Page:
Let’s be honest. Jesus’ teachings on peacemaking are radical. Not only does Jesus take actions that alienate most of the respected religious leaders of his day, he also gives his followers new commandments that are hard to believe and even harder to follow – both then and now!

Shortly after the Beatitudes recorded in Matthew 5, Jesus shares some of the most radical of all his teachings. He begins by quoting the Mosaic law (Exodus 21:22-25) that established the principle of exact retribution. This Mosaic law was revolutionary in its time because it limited compensation due to a victim and restrained revenge – contrary to the common response to injustice in the culture of that time, especially if a family feud developed.

Although Jesus does not contradict the principle of retribution, he states that this principle is not applicable to our personal relationships where love, not justice, ought to be the dominant characteristic.

What a difficult teaching! Jesus says our duty to someone who wrongs us is not retaliation, but acceptance of the wrong without a spirit of revenge. Jesus illustrates this radical teaching with four examples taken from the everyday world of his listeners, examples that must have been painful to hear.

The illustration of being struck on the right cheek was not taken from a fist fight, but was rather the back-handed slap of a master to a slave, a Roman to a Jew – the demeaning blow of a powerful person to the face of a weak, vulnerable one. In a similar way, going the second mile was a clear reference to the practice of the occupying Roman army to commandeer Jews to do forced service.

Jesus is teaching his disciples to avoid revenge and to practice non-retaliation in their personal lives. We must not conclude that Jesus is prohibiting the administration of justice or suggesting that we acquiesce to injustice. Rather, Jesus is forbidding his followers from taking the law into their own hands.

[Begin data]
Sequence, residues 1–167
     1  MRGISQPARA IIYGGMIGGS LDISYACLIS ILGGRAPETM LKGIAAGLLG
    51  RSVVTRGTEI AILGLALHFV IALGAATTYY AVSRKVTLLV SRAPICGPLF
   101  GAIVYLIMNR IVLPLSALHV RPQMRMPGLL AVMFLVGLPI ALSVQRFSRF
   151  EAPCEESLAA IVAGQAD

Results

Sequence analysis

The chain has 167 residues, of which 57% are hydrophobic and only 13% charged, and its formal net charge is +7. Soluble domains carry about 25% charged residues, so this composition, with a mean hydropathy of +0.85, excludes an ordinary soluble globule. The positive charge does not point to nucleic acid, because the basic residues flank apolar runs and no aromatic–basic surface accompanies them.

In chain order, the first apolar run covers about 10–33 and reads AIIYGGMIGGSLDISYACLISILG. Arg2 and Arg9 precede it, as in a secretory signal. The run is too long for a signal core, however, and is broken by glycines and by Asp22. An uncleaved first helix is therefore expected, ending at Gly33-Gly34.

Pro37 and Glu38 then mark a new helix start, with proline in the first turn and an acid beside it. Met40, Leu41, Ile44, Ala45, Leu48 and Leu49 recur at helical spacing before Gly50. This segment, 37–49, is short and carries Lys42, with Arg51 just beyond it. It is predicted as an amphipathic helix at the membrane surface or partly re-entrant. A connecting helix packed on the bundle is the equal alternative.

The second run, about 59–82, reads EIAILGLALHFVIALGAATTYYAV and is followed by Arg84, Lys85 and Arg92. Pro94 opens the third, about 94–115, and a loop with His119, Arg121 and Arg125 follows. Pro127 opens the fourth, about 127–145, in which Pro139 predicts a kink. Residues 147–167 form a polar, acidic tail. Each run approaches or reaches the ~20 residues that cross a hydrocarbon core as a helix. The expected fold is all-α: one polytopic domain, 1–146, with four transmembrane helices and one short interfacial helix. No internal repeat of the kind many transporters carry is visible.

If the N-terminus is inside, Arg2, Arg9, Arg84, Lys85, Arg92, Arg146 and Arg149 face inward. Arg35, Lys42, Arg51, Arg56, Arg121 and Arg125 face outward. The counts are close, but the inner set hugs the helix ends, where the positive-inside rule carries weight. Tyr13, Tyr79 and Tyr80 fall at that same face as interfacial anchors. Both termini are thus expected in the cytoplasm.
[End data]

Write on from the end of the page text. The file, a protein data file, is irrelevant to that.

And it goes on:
An “eye for an eye” is a principle of justice that belongs in the courts of law, but in our personal lives, Jesus teaches that we must not repay evil with evil, but overcome evil with good (Romans 12:21). If, in response to a blow to the cheek, we retaliate with a return slap, then the perpetrator has taken control of the situation and determined our reaction. Jesus gives us the freedom not to respond according to the actions of our attacker, but to respond in love.

So What?

  • These teachings of Jesus are hard for me to share with you, because I really struggle with them in my own life. I am someone who hates injustice and wants to deal harshly with its perpetrators. I can’t stand it when people cut in line in front of me, make fun of minorities, or take illegal actions for their financial benefit at someone’s expense. How do you deal with these kinds of issues?
  • It is hard for us to understand the radical examples Jesus used because we don’t live in a country occupied by foreign soldiers who exploit us. Can you think of some examples that fit our cultural context?

2 comments on “Non-Retaliation”

  1. Jerry in DC

    In our day justice is often thought of as “me getting my rights” or “treating me right.” Jesus points to the way love transforms justice. More accurately, his words actually take our upside down me/my-centered take on justice and puts it right side up.

    Indeed, I would argue his correction cannot be limited to personal relationships, but speaks also to the public relationships of the courtroom. It applies precisely to the danger of allowing the horror of a perpetrator’s act to distort into retaliation a judge’s ruling of justice.

    Does not real justice require more than simply fitting the punishment to the crime? (Did not Jesus come to fulfill the law?) Is not a fuller and truer understanding of justice involve restitution for victim, for community, and for perpetrator? Does it not also include, as much as it is actually possible, the restoration (making whole) of victim as well perpetrator, and the relationship between them and the community? Does not the arc of justice bend toward shalom?

    In our day when “rights” seem to trump all other considerations to the hurt of community (social or relational) wholeness, are not Jesus’ words a corrective to what real justice indeed requires? In truth, is not justice a public dimension or expression of love, a love that sees in a fallen world the need for punishment and restitution, accountability and forgiveness, correction and compassion?

    No easy task, for sure. Nonetheless, I believe Jesus’ radical words raise signposts pointing toward right/righteous relationships, individual and institutional, personal and public.

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